Croquetas de Manchego ($7)

In general, the service was fantastic but I was a bit bothered by the blatant upselling, whether it was a push for more dishes or more expensive ones. I was told that we didn’t order enough food and when I suggested that we could order again if we wanted to, the response was that they preferred to submit orders only once.  Despite this fact, the dishes did not arrive in a fluid and consistent fashion and it would have been quite simple to order more as needed.  In the end, there was too much food.   

My Take

Patria reminds me of a spanish exchange student who has come over with the intent on sticking to their traditional roots but getting caught up in the ways of the locals.  The pan con tomate became a dish similar to the bruschetta served by all the cool Italians down the road.  The croqueta mimics the cheese sticks you can get at any  roadhouse dwellers along Front St.  Patria even wants to fit in with the carnivores, offering a $65 ribeye steak to match the likes of Ruth’s Chris.  It’s a bit of an identity crisis.  Even the service is a  bit confusing, characterized by friendly staff, continuous water service and quick dish clearance while being upsold  like you’re in a used car lot. Unlike its patria , Toronto’s Patria has certainly adapted to the Toronto restaurant scene, pricing most menu items on the high end of acceptable. Whether you stick will small dishes, pastas ($16-18) or the paellas (around $30),  don’t expect a cheap evening.

In the end, despite the minor mistakes and issues,  Patria worked hard to remedy any of the problems and overall  I left very satisfied, reminding me that in the end a  happy customer is a fundamental priority in this business regardless of what side of the ocean you’re on.

 
Patria on Urbanspoon

The 39 year-old Virgin: Adventures in Barcelona.

Yes, this is my first trip to Europe as I wasn’t privy to travel in my younger years. So, after almost 4 decades, I crossed the Atlantic, landing in Barcelona, Spain. Having spent the better part of two days there, I made the following observations:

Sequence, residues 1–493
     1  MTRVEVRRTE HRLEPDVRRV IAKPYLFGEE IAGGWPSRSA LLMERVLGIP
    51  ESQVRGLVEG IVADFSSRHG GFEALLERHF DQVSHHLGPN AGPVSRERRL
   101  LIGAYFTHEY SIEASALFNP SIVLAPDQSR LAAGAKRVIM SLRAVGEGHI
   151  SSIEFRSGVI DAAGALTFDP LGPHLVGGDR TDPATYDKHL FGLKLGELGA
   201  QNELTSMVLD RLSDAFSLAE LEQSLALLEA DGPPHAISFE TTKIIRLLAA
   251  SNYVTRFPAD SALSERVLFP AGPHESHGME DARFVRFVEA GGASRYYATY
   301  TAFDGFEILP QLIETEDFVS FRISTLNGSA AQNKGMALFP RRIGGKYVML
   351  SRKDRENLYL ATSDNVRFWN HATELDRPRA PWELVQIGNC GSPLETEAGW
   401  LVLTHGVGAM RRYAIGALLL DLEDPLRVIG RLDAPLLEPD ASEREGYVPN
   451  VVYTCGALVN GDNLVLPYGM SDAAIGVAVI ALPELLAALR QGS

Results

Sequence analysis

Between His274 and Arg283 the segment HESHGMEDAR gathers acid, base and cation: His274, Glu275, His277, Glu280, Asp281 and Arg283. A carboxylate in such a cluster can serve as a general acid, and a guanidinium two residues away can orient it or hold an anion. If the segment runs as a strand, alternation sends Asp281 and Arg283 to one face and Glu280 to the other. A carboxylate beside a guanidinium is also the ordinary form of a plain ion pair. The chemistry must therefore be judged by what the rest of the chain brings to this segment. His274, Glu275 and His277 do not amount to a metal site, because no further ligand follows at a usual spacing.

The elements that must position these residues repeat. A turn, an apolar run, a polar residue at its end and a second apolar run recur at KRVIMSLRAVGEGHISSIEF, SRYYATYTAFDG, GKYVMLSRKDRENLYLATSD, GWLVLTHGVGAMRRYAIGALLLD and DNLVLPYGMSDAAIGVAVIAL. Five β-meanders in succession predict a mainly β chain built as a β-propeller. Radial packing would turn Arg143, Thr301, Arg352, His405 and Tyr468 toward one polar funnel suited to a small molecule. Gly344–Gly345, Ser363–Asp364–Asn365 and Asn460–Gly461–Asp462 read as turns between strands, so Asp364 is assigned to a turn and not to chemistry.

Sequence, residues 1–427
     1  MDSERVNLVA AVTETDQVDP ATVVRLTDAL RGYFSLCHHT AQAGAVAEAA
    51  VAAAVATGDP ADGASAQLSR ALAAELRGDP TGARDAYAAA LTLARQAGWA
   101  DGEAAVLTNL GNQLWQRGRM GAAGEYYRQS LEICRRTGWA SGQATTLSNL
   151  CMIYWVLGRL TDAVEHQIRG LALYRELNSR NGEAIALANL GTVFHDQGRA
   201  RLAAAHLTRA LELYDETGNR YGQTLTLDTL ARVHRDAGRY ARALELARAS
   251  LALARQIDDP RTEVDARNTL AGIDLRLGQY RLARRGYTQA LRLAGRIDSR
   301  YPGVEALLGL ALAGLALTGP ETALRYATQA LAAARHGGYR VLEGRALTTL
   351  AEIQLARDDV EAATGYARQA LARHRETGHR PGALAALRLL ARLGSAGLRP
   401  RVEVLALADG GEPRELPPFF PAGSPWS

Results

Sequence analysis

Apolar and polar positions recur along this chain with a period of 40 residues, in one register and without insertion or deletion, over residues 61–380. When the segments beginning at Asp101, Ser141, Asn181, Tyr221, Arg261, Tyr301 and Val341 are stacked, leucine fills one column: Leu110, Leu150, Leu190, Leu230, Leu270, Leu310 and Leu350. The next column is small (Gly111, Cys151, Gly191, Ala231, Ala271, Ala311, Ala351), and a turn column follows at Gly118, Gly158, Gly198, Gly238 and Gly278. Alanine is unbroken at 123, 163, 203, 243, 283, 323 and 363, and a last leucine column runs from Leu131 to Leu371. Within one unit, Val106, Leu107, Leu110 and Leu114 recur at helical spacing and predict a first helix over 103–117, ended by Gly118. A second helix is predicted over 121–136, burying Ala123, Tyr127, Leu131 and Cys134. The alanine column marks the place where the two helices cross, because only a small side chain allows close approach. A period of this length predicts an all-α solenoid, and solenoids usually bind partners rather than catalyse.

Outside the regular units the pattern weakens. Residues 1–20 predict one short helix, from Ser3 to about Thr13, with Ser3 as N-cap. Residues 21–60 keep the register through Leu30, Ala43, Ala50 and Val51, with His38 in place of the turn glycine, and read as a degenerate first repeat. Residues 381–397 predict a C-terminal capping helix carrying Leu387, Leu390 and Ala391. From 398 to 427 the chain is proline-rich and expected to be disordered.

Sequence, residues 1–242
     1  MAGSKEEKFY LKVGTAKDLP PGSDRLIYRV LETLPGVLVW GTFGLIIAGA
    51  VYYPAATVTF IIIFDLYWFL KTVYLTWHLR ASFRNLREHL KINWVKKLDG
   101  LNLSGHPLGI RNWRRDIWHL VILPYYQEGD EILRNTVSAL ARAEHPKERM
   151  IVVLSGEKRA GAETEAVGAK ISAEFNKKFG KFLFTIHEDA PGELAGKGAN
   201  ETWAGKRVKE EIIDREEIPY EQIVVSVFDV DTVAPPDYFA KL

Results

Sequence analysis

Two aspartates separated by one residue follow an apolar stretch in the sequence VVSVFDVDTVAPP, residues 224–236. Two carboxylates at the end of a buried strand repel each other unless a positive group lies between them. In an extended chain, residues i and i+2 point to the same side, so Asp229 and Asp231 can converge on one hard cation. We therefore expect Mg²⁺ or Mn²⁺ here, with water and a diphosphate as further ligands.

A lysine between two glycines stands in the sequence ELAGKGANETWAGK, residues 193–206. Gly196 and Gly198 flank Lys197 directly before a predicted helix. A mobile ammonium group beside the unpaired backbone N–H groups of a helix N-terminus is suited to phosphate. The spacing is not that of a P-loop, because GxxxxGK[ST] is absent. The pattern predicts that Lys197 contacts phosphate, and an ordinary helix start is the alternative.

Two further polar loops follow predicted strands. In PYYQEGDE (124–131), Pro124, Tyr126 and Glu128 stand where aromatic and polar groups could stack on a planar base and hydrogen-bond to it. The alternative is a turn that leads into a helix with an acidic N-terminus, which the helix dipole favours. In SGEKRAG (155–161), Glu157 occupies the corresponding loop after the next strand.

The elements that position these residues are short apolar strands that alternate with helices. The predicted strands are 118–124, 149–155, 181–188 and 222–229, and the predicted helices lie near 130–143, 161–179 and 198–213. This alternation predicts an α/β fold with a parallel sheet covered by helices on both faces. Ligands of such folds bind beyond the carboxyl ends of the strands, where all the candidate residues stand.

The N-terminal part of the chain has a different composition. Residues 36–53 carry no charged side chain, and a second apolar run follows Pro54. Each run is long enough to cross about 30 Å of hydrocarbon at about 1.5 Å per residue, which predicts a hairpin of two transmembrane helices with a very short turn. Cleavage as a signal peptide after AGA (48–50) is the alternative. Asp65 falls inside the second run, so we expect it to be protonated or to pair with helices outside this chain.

1. People in Spain walk slow.
2. Wifi is difficult to find.
3. Everybody wears scarves.
4. A beer and sandwich combo is cheaper than a soda and sandwich combo at the airport.
5. The architecture is fantastic.
6. You need your room key to turn on your lights.
7. You can buy almost anything on the street including beer, umbrellas, street food, flowers etc.
8.The food is pretty good.

Since this is a food blog, I will focus on the latter. The food choices are endless. Every nook and cranny is jammed with small eateries, each promising a special variety of decor, personality and of course, food. The restaurants range from off the menu to choosing off a tray under a pane of glass. I can best describe it as simple. No garnish, no explanation, just the food.

A Tale of Two Tapas.

Ciudad Condal had a long wait but I was seated within 30 minutes.

Their flauta was probably the simplest yet the best thing I ate in the two days I was in Barcelona. Simply, it’s  chorizo inside a small loaf of bread for about three euros. The crunch of the bread followed by the rich chorizo was perfect. I put a little machego cheese inside my second one which added some saltiness as well.

The patatas bravas are Spain’s version of poutine. They are basically potatoes covered in a creamy aioli and hot sauce. Also of honourable mention were the fried Padron peppers, simply prepared with salt and olive oil. The nature of these  peppers are generally mild but a few on the plate pack a hot punch, leading to the term “Unos Picans Otros No” meaning some are hot, some are not. I was lucky to get a few biters.  A great dish was the potatoes topped with fried eggs (Huevos Cabreados).  It is a simple but delicious dish; matchstick fried potatoes topped with soft fried eggs cut table side.

I’m a huge flan fan. The creamy spanish flan was a nice ending  and was not overly sweet despite the abundant caramelized sugar.